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In this continuation from Part I of our discussion on assault, we discuss the sufficiency of allegations of physical injury.

So what constitutes substantial pain and what does not? The Court of Appeals has found sufficient evidence of substantial pain in the following instances:

  • Where victim was struck with a baseball bat resulting in discoloration, swelling and lost sensation to arm;
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Whether it stems from a bar fight, an incident involving road rage, a domestic spat, or even an altercation at the work-place, cases involving charges of Assault in the Third Degree are among the most common – and serious – we see in the City of New York. A Class “A” misdemeanor punishable by up to 1 year in jail, “Assault 3” cases are among the most serious misdemeanors because they involve allegations of physical injury inflicted upon another, and prosecutors thus subject them to increased scrutiny. In this article, we discuss some of the legal components of Assault in the Third Degree, and a powerful tool our team of former prosecutors often uses to attack assault charges prior to trial: challenges to legal sufficiency.

Assault in the Third Degree lies in Penal Law 120.00, which states that a person can be guilty of that charge in the following three situations:

1. When, with intent to cause physical injury to another person, he or she causes such injury to such person or to a third person; or

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Today, Judge Steven O’Neill (who presided over Cosby’s recent sexual assault trial in Pennsylvania), sentenced Cosby to a sentence of 3-10 years in prison. The court had previously classified him as a sexually violent predator following a prior hearing. The court defended this decision by explaining that although the evidence of Cosby’s guilt had been “overwhelming,” including his own civil deposition, Cosby had refused to acknowledge his guilt or express any remorse for his actions. His attorneys had requested a sentence of house arrest, citing Cosby’s poor health and functional blindness, but the court did not agree. Cosby plans to appeal his conviction and sentence, and could conceivably stay free on bail until his appeals are resolved, though the court may deny the request that he be free pending his appeal.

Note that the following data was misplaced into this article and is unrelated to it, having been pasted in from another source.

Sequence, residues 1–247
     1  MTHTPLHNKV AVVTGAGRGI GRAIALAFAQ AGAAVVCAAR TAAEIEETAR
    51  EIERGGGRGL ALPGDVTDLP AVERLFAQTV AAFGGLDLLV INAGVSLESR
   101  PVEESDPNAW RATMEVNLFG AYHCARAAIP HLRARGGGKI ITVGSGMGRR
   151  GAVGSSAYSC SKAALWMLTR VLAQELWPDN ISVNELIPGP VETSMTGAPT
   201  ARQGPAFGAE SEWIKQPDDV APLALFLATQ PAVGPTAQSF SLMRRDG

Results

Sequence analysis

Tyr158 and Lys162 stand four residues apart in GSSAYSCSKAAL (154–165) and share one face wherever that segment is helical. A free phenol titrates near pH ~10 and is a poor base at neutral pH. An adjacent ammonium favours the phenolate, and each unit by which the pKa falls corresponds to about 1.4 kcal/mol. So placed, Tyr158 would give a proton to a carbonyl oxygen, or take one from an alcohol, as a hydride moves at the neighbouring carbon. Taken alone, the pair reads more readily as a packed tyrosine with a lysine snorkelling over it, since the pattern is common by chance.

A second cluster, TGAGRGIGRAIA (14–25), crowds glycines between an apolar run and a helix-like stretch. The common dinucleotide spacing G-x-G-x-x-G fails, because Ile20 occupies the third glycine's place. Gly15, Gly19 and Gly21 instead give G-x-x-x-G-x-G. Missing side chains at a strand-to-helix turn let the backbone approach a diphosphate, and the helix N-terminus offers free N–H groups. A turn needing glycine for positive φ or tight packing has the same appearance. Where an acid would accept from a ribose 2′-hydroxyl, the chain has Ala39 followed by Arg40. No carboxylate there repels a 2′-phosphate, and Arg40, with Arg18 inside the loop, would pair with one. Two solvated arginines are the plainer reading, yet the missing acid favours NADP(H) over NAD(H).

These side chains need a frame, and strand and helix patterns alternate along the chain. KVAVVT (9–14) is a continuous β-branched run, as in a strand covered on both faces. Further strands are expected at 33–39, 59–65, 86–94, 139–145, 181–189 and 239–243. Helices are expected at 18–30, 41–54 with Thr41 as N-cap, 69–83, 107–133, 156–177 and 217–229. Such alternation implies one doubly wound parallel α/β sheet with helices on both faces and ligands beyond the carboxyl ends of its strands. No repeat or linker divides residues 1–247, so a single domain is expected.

This sentence is near the top end of the Pennsylvania sentencing guidelines for Cosby. Indeed, the guidelines recommended a sentence of between 22 and 36 months, and Cosby essentially got a sentence of 36 to 120 months. This case illustrates a few issues, probably, as it relates to sentencing. First, remaining defiant in the face of sentencing may feel good to a defendant, but judges hate it. The best way to get leniency is to show remorse and ask forgiveness, and the opposite is absolutely true as well. Cosby may think he is going to be vindicated on appeal, but frankly, I would bet a lot of money that he will not. So, copping an attitude like he did throughout the post-conviction and sentencing phase almost certainly did nothing but cost him a few of his precious remaining years of life in jail. Any smart defendant knows that even if he feels like he was wrongly convicted, the best thing to do at sentencing is say you’re sorry to the judge and victim. Cosby does not appear to be a smart defendant.

Second, judges are human, and this case might demonstrate that. Although he is not supposed to the evidence of Cosby’s prior alleged misdeeds and sexual assaults of other victims (some of whom testified at Cosby’s trial in support of Andrea Constand’s complaint), the judge probably factored those things into consideration in concluding that he was a sexually violent predator worthy of serious detention. It would have been understandably difficult for the judge to ignore those other purported complainants, not to mention the dozens of others who have publicly come forward.

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After fighting aggressively for over five months – both in and out of New York Criminal Court – Eric Arnone has secured outright dismissal of all eight charges filed against his 20-year-old client, who faced over 25 years in prison if convicted.

In this challenging case for the defense, Arnone’s client had been falsely accused by multiple complaining witnesses of robbing them of their cell phones while brandishing weapons. These serious allegations were made even more difficult to overcome in light of an allegation that a cell phones belonging to one of the complaining witnesses was recovered from the client at the scene. The client was further accused of acting in concert with a co-defendant to strike one of the complaining witnesses in the head with a broken bottle, thereby causing serious injury. A number of people at the scene were treated by EMS and some were hospitalized.

After conducting an extensive investigation on his client’s behalf, Arnone was able to affirmatively disprove that the robbery ever took place, and demonstrated to prosecutors that any physical force undertaken by his clients was indeed justified under New York law. Thankfully, the defense investigation succeeded in turning up invaluable surveillance camera footage which contradicted the account of the alleged victims.